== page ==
Can Suing the US Attorney General Make Medical Marijuana Legal?
Alexis Bortell is a 12 year old girl who suffers from epilepsy. Most of her life she experienced frequent seizures and the treatments she used did not alleviate her symptoms. Then the family doctor in Texas suggested they try cannabis. Just a small morning and evening dose of THC oil has allowed Alexis to live seizure free for the last two and a half years. So what’s the problem? Alexis’ family had to relocate from Texas to Colorado in order to legally obtain cannabis oil and administer it to their child, and now they cannot travel back.
While Cannabis is legal here and in 28 other states for medical use, the federal ban means that Alexis cannot even visit her grandparents in Texas without the risk of being taken into custody for having an illegal substance or foregoing her medication and risking seizures away from home.
The Federal government has maintained Marijuana’s classification as a Schedule 1 substance, which means it is considered highly addictive with no medical benefit. This not only makes it federally illegal and limits a patient’s ability to travel or relocate, but it means there are no federally funded studies to determine any medical benefits or understand how marijuana works as medication for certain illnesses. The classification further serves to maintain stigma around marijuana use, even for medical reasons.
So Bortell along with three other plaintiffs, Jagger Cotte, another child who relies on medical marijuana, a marijuana advocacy group called Cannabis Cultural Association, Jose Belen, a US Military Veteran, and former NFL player Marvin Washington, have filed a suit against Attorney General Jeff Sessions, for his continued efforts to keep Marijuana classified at Schedule 1 and keep it illegal medically. Other defendants named alongside Sessions include the DEA, the acting director of the DEA, Chuck Rosenberg, and the US Government.
The case was filed in the US District Court in Southern New York in July. The government responded by filing a motion to dismiss, however the court recently dismissed that motion, allowing the case to proceed.
According to the suit, the plaintiffs seek to have the CSA (Controlled Substances Act) declared unconstitutional. They argue it violates due process and that the specific prohibition of marijuana and its classification as a Schedule 1 substance in effect violates the fundamental right to travel. This fundamental right to travel is the crux of the Bortell family’s concern and motivation to bring this suit.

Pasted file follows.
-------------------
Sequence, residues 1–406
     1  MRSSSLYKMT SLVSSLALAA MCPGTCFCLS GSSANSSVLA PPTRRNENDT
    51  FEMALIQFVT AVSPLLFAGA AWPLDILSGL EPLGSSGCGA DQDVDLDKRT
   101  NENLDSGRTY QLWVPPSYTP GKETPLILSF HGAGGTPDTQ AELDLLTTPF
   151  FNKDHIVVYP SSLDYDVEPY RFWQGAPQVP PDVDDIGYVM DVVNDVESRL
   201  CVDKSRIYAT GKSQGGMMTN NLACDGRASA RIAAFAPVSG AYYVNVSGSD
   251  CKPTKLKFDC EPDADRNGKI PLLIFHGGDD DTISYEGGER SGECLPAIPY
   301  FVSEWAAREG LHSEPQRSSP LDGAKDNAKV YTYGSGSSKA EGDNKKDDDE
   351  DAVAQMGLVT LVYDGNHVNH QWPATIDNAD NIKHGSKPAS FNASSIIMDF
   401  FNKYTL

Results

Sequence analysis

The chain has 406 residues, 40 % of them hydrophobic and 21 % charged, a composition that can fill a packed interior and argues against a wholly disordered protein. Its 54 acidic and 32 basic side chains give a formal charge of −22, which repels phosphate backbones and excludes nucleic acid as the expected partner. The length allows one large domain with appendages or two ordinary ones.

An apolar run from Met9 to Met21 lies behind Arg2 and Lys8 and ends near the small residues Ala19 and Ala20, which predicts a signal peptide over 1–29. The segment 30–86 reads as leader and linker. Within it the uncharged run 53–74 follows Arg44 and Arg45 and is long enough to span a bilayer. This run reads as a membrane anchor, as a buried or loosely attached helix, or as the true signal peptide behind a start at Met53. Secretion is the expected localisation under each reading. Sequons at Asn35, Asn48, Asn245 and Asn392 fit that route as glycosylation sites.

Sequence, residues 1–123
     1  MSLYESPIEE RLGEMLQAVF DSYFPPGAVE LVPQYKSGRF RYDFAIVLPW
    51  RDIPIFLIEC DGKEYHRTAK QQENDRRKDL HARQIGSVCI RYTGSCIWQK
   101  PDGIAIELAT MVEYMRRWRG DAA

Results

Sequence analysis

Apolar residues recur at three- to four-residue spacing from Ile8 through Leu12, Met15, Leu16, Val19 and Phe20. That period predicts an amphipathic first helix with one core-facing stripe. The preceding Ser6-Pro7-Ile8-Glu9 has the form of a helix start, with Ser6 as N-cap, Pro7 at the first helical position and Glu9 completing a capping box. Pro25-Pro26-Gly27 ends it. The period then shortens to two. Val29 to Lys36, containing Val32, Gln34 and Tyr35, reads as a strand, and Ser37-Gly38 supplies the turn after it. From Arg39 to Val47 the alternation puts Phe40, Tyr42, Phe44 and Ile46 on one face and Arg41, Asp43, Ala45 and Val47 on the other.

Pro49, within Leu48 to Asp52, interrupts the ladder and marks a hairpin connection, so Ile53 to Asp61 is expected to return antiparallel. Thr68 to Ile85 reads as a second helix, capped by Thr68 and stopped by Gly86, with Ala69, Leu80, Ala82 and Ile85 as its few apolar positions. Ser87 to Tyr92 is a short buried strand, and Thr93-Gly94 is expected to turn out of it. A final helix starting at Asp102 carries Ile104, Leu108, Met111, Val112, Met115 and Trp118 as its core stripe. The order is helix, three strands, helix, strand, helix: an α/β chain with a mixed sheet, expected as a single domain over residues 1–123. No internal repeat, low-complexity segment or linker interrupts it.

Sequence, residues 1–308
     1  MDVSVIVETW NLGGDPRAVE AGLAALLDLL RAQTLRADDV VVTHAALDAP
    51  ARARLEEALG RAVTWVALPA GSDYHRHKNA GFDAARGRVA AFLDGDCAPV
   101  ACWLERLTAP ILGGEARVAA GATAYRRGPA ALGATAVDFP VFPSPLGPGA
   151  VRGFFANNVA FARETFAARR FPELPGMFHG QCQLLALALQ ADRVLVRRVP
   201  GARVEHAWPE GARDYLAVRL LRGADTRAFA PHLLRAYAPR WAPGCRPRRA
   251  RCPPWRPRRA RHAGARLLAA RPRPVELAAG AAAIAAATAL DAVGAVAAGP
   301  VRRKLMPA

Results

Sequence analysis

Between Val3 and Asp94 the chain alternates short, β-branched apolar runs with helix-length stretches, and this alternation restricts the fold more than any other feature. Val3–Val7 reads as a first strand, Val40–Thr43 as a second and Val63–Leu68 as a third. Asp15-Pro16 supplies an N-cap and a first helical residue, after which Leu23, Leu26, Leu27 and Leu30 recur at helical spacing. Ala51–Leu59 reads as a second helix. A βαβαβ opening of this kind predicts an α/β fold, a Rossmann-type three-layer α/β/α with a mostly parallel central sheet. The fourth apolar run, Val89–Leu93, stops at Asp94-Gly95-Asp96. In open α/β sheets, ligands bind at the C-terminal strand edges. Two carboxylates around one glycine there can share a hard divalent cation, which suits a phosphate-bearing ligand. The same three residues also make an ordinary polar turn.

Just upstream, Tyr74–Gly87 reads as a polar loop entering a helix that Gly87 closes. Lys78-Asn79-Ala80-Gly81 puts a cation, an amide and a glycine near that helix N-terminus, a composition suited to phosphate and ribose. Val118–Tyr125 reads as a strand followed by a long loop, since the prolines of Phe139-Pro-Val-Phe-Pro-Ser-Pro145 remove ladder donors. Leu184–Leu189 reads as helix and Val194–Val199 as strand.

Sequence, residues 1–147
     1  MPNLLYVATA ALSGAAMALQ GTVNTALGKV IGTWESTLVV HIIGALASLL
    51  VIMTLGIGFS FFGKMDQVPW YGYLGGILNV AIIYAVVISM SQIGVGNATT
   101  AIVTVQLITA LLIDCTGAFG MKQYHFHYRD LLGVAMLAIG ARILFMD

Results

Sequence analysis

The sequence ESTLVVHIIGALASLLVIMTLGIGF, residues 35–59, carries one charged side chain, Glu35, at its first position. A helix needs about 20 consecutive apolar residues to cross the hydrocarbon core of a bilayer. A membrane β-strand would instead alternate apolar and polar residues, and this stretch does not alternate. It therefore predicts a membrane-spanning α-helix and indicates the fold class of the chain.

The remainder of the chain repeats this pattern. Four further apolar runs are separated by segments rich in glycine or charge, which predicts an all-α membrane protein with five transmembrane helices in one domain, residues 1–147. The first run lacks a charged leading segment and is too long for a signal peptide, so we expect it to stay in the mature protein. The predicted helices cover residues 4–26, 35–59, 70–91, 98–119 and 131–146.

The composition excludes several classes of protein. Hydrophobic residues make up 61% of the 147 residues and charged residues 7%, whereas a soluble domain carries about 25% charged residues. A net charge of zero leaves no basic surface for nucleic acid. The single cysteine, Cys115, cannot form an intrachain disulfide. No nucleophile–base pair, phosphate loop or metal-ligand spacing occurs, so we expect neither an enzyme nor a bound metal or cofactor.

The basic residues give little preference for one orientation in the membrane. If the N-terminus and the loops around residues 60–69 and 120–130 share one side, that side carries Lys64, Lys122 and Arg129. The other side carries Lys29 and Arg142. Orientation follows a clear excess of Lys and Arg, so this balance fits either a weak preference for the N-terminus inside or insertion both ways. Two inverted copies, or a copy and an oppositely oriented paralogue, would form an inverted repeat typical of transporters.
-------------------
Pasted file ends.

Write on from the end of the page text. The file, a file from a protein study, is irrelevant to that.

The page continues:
The plaintiffs argue that the government’s claim that there is no medical benefit is irrational since the government itself has shown it does not believe marijuana to be this dangerous. They also argue that the prohibition is used, or rather abused, to target certain minorities, and they further outline how this classification and federal prohibition violates the commerce clause and right of citizens to travel .
It is difficult to determine this early on if a suit like this can make an impact in the law, but the Court has so far ruled they can proceed. While it could still be dismissed as arguments and hearings continue, other possible outcomes include a change in the schedule classification of marijuana, a change in the ability of people to travel with medical marijuana, a lift on the federal ban for marijuana, or no change at all. Any positive change here, one in terms of schedule or even lifting interstate travel bans, could benefit thousands of marijuana patients who still have to fight restrictions and attitudes in addition to their medical issues.
We have discussed Jeff Sessions’ ideas about marijuana legalization before and the fact that he is somewhat of a hold out with his attitude. Most people, regardless of politics, are increasingly tolerant of marijuana, especially when used medically, and a majority of states have legalized it medically too.
We’ll be following the moves made on both sides of this lawsuit very closely.